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Left-handed spiral galaxies dominate northern skies

And right-handed ones are more common in the south, according to a new survey. What’s going on?


The universe seems to be asymmetric in a number of strange ways. The molecules of life tend to be left handed rather than right handed, the certain weak decays such as the beta decay of cobalt-60 are asymmetric and cosmologists have seen a number of unexplained asymmetries in the cosmic microwave background.

Michael Longo at the University of Michigan has long been searching for another asymmetry–a preference for right or left handedness in spiral galaxies. And he says he’s found it, previously in an analysis of over 2600 nearby spiral galaxies and now in an analysis of 15,000 more.

The evidence seems to indicate that left handed spirals are more common in the northern hemisphere, above the northern galactic pole. And although the signal is less strong, right-handed spirals appear more frequently in the south.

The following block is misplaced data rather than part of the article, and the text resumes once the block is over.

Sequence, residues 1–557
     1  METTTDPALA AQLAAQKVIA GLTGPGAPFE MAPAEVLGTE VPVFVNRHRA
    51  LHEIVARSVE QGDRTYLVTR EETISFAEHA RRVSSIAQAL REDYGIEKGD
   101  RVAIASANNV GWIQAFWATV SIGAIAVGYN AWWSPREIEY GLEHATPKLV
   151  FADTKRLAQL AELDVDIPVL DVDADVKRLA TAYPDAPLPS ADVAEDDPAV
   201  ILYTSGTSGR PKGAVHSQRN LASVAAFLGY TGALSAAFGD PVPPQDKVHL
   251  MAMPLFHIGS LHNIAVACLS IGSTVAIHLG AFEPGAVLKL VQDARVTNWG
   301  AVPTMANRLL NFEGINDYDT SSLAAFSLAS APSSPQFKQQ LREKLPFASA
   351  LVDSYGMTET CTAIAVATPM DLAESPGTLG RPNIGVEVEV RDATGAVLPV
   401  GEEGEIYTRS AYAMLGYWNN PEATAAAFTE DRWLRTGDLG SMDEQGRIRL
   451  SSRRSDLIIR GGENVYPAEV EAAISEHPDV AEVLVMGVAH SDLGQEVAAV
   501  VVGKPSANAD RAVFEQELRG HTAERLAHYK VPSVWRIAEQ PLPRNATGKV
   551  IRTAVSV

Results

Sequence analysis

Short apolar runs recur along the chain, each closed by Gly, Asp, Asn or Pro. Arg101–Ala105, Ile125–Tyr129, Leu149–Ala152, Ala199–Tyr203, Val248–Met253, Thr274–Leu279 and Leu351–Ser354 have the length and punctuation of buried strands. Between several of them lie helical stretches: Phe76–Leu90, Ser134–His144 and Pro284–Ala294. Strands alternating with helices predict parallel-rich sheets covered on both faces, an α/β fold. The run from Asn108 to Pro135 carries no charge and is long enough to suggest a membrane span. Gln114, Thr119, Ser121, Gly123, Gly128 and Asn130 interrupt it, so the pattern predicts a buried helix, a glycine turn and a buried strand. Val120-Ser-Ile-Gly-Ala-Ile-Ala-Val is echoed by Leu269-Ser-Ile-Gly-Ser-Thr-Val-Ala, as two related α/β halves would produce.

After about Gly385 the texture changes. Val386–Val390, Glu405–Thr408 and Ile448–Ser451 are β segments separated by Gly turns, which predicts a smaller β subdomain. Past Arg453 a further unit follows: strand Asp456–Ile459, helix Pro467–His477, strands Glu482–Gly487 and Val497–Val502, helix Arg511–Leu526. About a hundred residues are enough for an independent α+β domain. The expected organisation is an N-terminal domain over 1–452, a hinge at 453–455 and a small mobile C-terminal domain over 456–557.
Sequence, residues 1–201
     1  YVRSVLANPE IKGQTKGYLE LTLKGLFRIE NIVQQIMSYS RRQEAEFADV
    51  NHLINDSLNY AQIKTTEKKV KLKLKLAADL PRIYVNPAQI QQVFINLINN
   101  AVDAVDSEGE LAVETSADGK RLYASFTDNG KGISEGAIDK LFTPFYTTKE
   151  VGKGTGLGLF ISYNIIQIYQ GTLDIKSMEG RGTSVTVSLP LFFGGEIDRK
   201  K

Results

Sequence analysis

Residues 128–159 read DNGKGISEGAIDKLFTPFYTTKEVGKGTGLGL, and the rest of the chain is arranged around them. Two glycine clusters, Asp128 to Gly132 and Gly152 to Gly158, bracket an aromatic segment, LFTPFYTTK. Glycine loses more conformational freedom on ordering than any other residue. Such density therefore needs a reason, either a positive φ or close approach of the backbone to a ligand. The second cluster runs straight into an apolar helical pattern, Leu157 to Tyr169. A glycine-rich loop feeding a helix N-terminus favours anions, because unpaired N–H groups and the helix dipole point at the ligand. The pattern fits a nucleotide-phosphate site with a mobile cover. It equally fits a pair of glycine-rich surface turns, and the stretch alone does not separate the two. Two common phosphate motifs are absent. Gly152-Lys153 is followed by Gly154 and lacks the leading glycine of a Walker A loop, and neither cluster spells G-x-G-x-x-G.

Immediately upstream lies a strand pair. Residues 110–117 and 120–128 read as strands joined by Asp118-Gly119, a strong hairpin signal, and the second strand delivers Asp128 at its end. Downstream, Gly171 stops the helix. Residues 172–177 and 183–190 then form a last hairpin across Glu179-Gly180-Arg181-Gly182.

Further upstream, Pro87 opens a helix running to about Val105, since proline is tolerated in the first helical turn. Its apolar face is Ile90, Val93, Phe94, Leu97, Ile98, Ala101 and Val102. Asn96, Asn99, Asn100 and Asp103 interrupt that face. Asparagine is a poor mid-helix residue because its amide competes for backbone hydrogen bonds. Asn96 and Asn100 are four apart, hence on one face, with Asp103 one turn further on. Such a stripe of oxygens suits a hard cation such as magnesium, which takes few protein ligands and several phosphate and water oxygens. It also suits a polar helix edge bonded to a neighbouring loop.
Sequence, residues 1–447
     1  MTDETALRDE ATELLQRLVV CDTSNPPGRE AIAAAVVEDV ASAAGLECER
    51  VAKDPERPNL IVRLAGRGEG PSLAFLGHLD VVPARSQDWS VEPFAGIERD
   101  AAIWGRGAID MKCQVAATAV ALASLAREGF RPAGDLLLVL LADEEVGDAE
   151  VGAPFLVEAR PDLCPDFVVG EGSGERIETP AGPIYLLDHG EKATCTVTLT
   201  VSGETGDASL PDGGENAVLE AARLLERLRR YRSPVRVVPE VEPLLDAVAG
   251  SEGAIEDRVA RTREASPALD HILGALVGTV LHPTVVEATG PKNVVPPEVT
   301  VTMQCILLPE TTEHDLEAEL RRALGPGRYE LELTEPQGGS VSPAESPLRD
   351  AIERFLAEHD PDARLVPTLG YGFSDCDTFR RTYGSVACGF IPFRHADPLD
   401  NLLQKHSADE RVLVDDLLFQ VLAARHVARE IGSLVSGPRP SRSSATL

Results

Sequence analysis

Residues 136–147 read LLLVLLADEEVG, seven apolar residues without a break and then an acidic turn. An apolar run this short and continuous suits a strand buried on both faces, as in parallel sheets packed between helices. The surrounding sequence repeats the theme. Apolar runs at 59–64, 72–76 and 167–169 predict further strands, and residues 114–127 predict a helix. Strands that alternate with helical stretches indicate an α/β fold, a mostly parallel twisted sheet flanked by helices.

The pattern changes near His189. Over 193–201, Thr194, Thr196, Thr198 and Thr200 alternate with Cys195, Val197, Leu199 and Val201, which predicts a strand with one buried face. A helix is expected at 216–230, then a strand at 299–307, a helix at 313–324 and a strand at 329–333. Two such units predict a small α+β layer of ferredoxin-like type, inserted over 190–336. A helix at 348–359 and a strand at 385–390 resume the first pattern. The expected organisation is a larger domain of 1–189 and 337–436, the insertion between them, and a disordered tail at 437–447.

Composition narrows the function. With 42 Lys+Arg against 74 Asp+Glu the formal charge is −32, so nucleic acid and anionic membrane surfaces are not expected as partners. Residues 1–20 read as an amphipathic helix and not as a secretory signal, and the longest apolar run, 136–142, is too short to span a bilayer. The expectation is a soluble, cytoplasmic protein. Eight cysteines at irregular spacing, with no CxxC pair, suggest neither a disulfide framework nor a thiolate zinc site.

What’s more, Longo says the axis of this alignment points directly towards the mysterious cold spot in the cosmic microwave background, which was discovered in the southern hemisphere in 2004

Nobody knows what caused the cold spot although there are no shortage of ideas. The cold spot could be evidence that our galaxy sits in the middle of a supervoid, a giant empty bubble, say some researchers. Others say it could be the imprint of a parallel universe beyond our own.

If Longo’s bias is real and linked to the spot, get ready for another round of speculation that attempts to link these observations together.

Ref: arxiv.org/abs/0904.2529: Evidence for a Preferred Handedness of Spiral Galaxies

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